Several Republicans have raised concerns about Trump’s decision because of the precedent it could give a future Democratic president and worries that it ignores appropriations decisions made by Congress.

Sen. Lindsey GrahamLindsey Olin GrahamThe Hill's Campaign Report: Arizona shifts towards Biden | Biden prepares for drive-in town hall | New Biden ad targets Latino voters Senate Democrats' campaign arm announces seven-figure investment to boost Graham challenger Graham: Comey to testify about FBI's Russia probe, Mueller declined invitation MORE (R-S.C.), a close ally of Trump’s, predicted that a "handful” of Republicans would vote for the resolution, but that Trump would ultimately have the support to sustain a veto in Congress.

So far, Sen. Susan CollinsSusan Margaret CollinsThe Hill's Campaign Report: Biden asks if public can trust vaccine from Trump ahead of Election Day | Oklahoma health officials raised red flags before Trump rally Gideon leads Collins by 12 points in Maine Senate race: poll Senate leaders quash talk of rank-and-file COVID-19 deal MORE (R-Maine), who is up for reelection in 2020, is the only Republican to say she will vote for a resolution to block Trump’s emergency declaration.

“I believe it will pass the House, and, I don't know what the vote situation will be in the Senate, nor do I know exactly what that resolution will say but it is a privileged matter. That means that it will come before the Senate for a vote, and if it's a clean disapproval resolution, I will support it,” she said.

Sen. Lisa MurkowskiLisa Ann MurkowskiGOP ramps up attacks on Democrats over talk of nixing filibuster OVERNIGHT ENERGY: House Democrats tee up vote on climate-focused energy bill next week | EPA reappoints controversial leader to air quality advisory committee | Coronavirus creates delay in Pentagon research for alternative to 'forever chemicals' House Democrats tee up vote on climate-focused energy bill next week MORE (R-Alaska) said that she is “likely” to support the resolution.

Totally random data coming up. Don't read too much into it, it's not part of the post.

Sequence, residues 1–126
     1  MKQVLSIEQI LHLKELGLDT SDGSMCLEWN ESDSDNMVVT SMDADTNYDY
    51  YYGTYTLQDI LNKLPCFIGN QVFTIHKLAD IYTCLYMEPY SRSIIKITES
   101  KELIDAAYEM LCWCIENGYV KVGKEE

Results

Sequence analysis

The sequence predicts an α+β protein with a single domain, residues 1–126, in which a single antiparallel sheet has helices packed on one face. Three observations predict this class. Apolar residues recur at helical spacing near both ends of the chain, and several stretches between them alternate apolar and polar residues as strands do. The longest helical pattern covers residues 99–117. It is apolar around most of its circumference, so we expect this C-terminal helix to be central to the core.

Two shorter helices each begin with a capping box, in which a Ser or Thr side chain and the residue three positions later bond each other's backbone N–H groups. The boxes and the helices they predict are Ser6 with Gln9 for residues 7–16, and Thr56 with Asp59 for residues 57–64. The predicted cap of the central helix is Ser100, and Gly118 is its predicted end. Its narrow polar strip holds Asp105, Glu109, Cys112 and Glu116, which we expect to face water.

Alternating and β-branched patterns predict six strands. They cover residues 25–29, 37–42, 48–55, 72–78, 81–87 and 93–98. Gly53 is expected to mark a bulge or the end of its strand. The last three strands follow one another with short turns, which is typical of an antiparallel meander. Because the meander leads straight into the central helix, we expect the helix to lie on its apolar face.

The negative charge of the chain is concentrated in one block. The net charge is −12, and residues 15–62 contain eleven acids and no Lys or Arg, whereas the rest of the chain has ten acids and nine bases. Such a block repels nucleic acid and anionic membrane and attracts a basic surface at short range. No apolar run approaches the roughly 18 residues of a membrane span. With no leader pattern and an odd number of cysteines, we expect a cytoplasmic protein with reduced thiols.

"I want to make sure that the resolution of disapproval is exactly what I think it is, because if it is as I understand it to be, I will likely be supporting the resolution to disapprove of the action," Murkowski said.

She added to KTUU, an Alaska-based TV station, that “if it's what I have seen right now, I will support the resolution to disapprove."

Should it pass both chambers, it’s almost certain Trump will veto the measure. It would be the first veto of Trump’s tenure and comes as the Senate is also expected to soon take up a resolution aimed at ending U.S. support for the Saudi-led war in Yemen, which Trump has also previously threatened to veto if it reaches his desk.

“Will I veto it? 100 percent. 100 percent. And I don't think it survives a veto,” Trump told reporters on Friday about the resolution to block his emergency declaration. “We have too many smart people that want border security, so I can't imagine if it survives a veto, but i will veto it.”

Cohen

Trump’s former attorney Michael Cohen is scheduled to appear before three congressional committees over the course of three days this week.

On Tuesday he is expected to testify before the Senate Intelligence Committee as part of their Russia investigation in a closed-door meeting and before the House Intelligence Committee on Thursday about Russian interference in the 2016 election.

On Wednesday, Cohen will appear before the House Oversight and Reform Committee, where he’s expected to be grilled on topics including the president’s potential conflicts of interest, his business practices and potential campaign finance violations.

His appearance on Capitol Hill comes as lawmakers and the White House await the release of special counsel Robert MuellerRobert (Bob) MuellerCNN's Toobin warns McCabe is in 'perilous condition' with emboldened Trump CNN anchor rips Trump over Stone while evoking Clinton-Lynch tarmac meeting The Hill's 12:30 Report: New Hampshire fallout MORE’s report on the Russia investigation. Speculation grew that Mueller could be ready to hand over his findings to Attorney General William Barr within days, but a Justice Department official told The Hill that he will not deliver his report to the department this week.

Background checks

The lower chamber is scheduled to bring two bills to the floor aimed at strengthening background checks on those looking to purchase firearms.

The Bipartisan Background Checks Act — led by Reps. Mike Thompson (D-Calif.) and Pete King (R-N.Y.) — would expand federal background checks for online and gun show purchases.